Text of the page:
Overview and Key Principles
Our purpose is to create learners who can think, reflect, question, connect and be self-aware and determined. We support this by providing opportunities for children to build knowledge and skills, make meaning and apply their understanding.
It is our intention that pupils at Ormiston Herman Academy will be able to think well and feel well so that they can contribute and develop a sense of belonging to their community and the wider world around them. We want them to leave our academy with the academic knowledge, understanding and skills they will need to succeed at Secondary School, but also to have a love of learning and a sense of their own agency and importance in the world. We want our pupils to feel that they have a voice and a stake in the future.
We have built a curriculum that is ambitious and designed to provide pupils with the knowledge, skills and cultural capital they will need to succeed in life. Pupils study the full curriculum, based upon National Curriculum expectations.
Our curriculum provides an appropriate balance of knowledge, skills and understanding. It is coherently planned and sequenced towards accumulating knowledge and skills for future learning and beyond. Subject Leaders support the wider planning of the curriculum as well as leading CPD to develop teachers’ subject knowledge and pedagogical practice, as well as monitoring the impact of the curriculum.
The acquisition and development of vocabulary and language is placed at the heart of all learning and underpins the curriculum.
High expectations of academic achievement are supported by a rich and varied wider curriculum, including enrichment opportunities, which enhance learning and also serve to support pupils’ personal development.
How does our curriculum organisation support pupils’ acquisition and retention of knowledge, understanding and skills?
Whole school timetabling and mapping and careful sequencing ensures not only coverage, but a broad and balanced curriculum, through which knowledge, understanding and skills have been carefully considered across key stages to support breadth and balance. Links between areas of knowledge are maximised and made explicit.
Systematic and overt opportunities for children to revisit, apply and extend previous knowledge and skills are interwoven throughout the curriculum.
Progression, both within and across year groups, is carefully planned to ensure that pupils are able to develop and build upon their conceptual understanding over time. Emphasis upon assumed knowledge and direct teaching approaches serve to maximise the impact of teaching.
A range of assessment measures (formative and summative) are outlined in our Teaching and Learning policy.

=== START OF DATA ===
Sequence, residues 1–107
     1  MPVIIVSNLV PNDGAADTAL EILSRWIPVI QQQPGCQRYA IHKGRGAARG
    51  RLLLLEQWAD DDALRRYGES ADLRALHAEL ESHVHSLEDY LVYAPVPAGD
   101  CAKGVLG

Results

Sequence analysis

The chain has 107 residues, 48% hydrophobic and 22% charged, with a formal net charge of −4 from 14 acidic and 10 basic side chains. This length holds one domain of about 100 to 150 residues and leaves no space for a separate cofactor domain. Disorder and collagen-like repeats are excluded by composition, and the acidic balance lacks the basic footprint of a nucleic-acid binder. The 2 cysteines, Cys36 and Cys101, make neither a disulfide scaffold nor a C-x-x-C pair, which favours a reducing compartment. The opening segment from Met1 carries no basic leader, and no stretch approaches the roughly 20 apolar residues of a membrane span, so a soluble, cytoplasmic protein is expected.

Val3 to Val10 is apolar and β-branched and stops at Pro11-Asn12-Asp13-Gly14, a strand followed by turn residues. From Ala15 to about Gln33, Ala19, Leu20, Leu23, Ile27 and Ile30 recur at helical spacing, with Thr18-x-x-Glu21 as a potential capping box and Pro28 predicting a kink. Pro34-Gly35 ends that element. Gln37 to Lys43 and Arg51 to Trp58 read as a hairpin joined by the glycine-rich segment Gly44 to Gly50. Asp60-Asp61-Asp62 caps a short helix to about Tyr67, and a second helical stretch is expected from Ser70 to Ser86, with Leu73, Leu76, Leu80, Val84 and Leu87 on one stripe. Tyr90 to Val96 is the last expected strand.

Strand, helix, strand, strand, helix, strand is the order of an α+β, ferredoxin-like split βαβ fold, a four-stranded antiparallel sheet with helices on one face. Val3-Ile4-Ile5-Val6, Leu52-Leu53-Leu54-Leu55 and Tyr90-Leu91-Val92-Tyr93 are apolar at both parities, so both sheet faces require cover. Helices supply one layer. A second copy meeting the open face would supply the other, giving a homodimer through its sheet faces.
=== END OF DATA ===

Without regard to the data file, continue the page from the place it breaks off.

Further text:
How does our curriculum reflect the culture, climate and values of our school?
Our curriculum has been carefully designed with our children in mind and based upon what we feel education should provide. In designing our curriculum, we considered the following:
It is our belief that wellbeing needs to be taught and explored explicitly (through aspects of the curriculum such as healthy eating, Mental Health Week, etc.) and implicitly through the way that all members of the school community are expected to care for each other, listen to each other and respect each other. Our approach to supporting positive behaviour mirrors this and encourages pupils to develop their emotional literacy and to be able to acknowledge and discuss their feelings and emotions. A combination of a highly structured PSHE and RSE curriculum and a wider programme of whole school focus days and weeks directly supports and contributes to pupils’ personal development.
A research based curriculum
A range of educational research has been utilised to develop planning, pedagogy and practice within our curriculum. Our provision has been influenced by the Kagan Model and the work of neuro-scientists around the development of schemata and the transference from short to long term memory. Our whole-curriculum emphasis upon the importance of the development of vocabulary and language has been influenced by the work of Alex Quigley and we have drawn upon many of the key messages from the EEF Toolkit as we have developed our provision over time. In addition, our Curriculum Network Teams at OAT East are comprised of a wide range of colleagues with additional research qualifications (such as the Maths MAST qualification) and this directly supports the development of practice throughout our academy.